Broker Check
Getting Disability Income

Getting Disability Income

| July 28, 2022
Share |

Getting Disability Income
The facts about applying for SSDI and SSDI benefits.

 

Provided by Peter Livingston

 

If you cannot work due to a disability, you might be eligible for Social Security Disability Income (SSDI). These federal government payments could offer you a degree of financial relief.1

 

Most SSDI recipients get paid between $700-1,400 per month. This year, the average monthly SSDI benefit for an individual is $1,358. Your monthly benefit could range from $100 to $3,345 based primarily on your earnings history. Roughly speaking, the greater your average annual earnings (in terms of taxable income), the greater your SSDI benefit.1,2 

 

Suppose you have previously spent some time out of the workforce, had jobs in which you did not pay Social Security taxes, or lived in a household receiving other government benefits. In that case, this can also affect SSDI payment amounts.1,2

 

How do you apply for SSDI? You can apply at the Social Security Administration’s website, ssa.gov, or call the SSA at 1-800-772-1213. The SSA has a Disability Starter Kit, downloadable at ssa.gov, to help you get ready for a phone interview or fill out the application so that you have the right documentation in hand when you apply.3 

  

Once you complete and submit your application, it goes to the Disability Determination Office in your state for review. After that, the DDO sends you a letter notifying you whether or not you have qualified for SSDI. (If you fail to qualify, you can appeal the decision in writing within 60 days of getting the letter.)1

 

What are your chances of qualifying for SSDI? Typically, it would be best if you met the following criteria. One, you must be currently out of work and unable to participate in what the SSA terms Substantial Gainful Activity – meaning you can’t earn something approximating a minimum wage by any means. Two, your disability renders you unable to perform your job or any other type. Three, your disability is expected to last 12 months or longer or eventually result in death. (The criteria for veterans, children, the widowed, and the blind differ slightly.)1,4 

  

If you qualify for SSDI, the money will take time to arrive. The SSA starts your benefit payments once you are determined to have been disabled for six full months. So there is a five-month waiting period that begins the first full month after your qualification date.3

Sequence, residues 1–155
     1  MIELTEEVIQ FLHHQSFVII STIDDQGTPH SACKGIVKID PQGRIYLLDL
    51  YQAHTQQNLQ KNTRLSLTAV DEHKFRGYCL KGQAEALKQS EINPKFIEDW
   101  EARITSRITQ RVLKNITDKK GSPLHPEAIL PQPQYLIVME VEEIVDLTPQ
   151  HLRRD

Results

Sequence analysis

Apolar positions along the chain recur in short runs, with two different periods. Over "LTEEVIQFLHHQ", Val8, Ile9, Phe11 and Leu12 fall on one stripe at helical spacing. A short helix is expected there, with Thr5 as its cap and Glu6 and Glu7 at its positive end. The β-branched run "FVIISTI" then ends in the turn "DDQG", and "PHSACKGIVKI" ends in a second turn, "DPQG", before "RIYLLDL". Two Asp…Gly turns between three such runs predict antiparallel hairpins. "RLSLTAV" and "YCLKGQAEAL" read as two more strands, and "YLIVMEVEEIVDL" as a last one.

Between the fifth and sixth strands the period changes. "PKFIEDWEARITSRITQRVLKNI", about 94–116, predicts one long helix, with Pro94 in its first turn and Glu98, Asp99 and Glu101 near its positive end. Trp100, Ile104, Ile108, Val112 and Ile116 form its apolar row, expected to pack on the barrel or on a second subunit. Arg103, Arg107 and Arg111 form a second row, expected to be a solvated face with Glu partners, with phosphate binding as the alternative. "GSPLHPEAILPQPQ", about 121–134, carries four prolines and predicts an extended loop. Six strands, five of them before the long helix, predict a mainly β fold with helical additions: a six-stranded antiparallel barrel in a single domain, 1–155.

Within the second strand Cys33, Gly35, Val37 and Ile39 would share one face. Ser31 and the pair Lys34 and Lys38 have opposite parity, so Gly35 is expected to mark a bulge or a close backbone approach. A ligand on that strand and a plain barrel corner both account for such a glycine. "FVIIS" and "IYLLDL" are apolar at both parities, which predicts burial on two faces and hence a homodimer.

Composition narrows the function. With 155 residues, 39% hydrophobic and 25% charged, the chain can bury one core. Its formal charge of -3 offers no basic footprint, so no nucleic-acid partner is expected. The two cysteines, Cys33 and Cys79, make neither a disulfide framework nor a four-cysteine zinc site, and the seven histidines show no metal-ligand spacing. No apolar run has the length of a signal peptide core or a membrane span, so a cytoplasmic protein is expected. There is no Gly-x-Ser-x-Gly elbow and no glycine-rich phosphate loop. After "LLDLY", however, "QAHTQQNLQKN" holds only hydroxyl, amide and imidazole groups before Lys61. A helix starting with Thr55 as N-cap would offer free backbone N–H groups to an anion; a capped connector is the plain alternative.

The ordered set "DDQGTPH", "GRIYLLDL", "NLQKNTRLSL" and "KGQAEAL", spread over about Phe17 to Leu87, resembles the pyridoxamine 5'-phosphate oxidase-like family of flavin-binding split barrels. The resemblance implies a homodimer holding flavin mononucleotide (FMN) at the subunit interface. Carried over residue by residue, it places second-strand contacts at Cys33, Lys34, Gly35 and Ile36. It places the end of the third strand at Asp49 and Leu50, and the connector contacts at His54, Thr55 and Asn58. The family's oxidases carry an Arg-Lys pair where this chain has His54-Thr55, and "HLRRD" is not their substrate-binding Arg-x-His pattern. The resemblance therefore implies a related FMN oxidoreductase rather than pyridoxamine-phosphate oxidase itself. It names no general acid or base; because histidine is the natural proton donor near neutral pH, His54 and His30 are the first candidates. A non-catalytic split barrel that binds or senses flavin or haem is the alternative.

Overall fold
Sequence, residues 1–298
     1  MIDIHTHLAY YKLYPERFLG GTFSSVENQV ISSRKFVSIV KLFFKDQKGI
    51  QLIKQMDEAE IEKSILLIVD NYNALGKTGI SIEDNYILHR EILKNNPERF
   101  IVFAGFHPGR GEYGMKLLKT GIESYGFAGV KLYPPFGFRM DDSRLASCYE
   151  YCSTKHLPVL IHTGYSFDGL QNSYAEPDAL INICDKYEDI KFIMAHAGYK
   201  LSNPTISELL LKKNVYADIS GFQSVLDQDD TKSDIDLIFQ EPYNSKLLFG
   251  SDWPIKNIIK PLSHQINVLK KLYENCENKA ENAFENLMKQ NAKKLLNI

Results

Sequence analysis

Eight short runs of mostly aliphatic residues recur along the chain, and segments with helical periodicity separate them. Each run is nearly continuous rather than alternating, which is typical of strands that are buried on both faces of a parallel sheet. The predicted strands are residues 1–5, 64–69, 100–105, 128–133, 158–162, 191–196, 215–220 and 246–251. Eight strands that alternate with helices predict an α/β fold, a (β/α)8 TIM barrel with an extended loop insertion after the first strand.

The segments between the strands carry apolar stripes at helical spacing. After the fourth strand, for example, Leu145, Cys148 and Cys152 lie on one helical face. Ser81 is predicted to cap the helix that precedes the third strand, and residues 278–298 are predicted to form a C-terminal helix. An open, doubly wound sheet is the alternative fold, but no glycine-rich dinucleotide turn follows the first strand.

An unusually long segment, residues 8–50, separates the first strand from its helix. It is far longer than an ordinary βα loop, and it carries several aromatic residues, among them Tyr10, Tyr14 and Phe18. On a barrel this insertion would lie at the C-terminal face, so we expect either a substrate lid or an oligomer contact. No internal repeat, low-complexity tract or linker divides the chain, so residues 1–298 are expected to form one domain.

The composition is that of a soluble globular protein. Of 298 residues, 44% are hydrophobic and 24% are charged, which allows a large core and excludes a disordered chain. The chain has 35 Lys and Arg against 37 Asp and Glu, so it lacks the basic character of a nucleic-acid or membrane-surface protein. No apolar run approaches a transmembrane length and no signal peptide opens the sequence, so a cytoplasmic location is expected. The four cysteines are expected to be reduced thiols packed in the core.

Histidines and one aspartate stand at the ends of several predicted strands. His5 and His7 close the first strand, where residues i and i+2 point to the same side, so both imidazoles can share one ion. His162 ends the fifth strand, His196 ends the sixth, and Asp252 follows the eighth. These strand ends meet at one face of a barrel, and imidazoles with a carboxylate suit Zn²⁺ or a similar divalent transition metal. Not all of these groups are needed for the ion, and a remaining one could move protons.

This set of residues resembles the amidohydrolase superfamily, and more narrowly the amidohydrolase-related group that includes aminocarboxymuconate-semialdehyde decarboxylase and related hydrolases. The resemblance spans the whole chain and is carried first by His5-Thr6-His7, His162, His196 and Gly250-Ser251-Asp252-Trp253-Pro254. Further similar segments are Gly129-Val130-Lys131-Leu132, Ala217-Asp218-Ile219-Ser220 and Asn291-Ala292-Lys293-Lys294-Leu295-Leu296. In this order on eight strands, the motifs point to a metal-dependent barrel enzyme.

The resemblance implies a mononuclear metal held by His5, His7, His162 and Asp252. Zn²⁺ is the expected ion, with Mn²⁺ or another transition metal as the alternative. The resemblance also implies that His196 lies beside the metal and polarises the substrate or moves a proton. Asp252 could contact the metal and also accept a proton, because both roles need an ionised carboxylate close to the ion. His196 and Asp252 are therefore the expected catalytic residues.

The takeaway from this is obvious: there is no point in hesitating to apply for SSDI. You want to apply as soon as you can.

 
There are two other important things to note about SSDI. If you qualify for it, you become eligible for Medicare just two years after you are entitled to benefits. Also, SSDI benefits adjust for inflation, so your monthly use is designed to grow larger with time.2 

  

This information intends to provide general information on the subjects covered. Readers should not infer specific legal advice regarding eligibility for disability income or criteria for eligibility.

 

This material was prepared by MarketingPro, Inc., and does not necessarily represent the views of the presenting party, nor their affiliates. This information has been derived from sources believed to be accurate. Please note - investing involves risk, and past performance is no guarantee of future results. The publisher is not engaged in rendering legal, accounting or other professional services. If assistance is needed, the reader is advised to engage the services of a competent professional. This information should not be construed as investment, tax or legal advice and may not be relied on for the purpose of avoiding any Federal tax penalty. This is neither a solicitation nor recommendation to purchase or sell any investment or insurance product or service, and should not be relied upon as such. All indices are unmanaged and are not illustrative of any particular investment.

 

Citations

  1. Investopedia, March 31, 2022
  2. Disability Secrets, November 8, 2021
  3. Social Security Administration, July 2, 2022
  4. Investopedia, December 18, 2021
Share |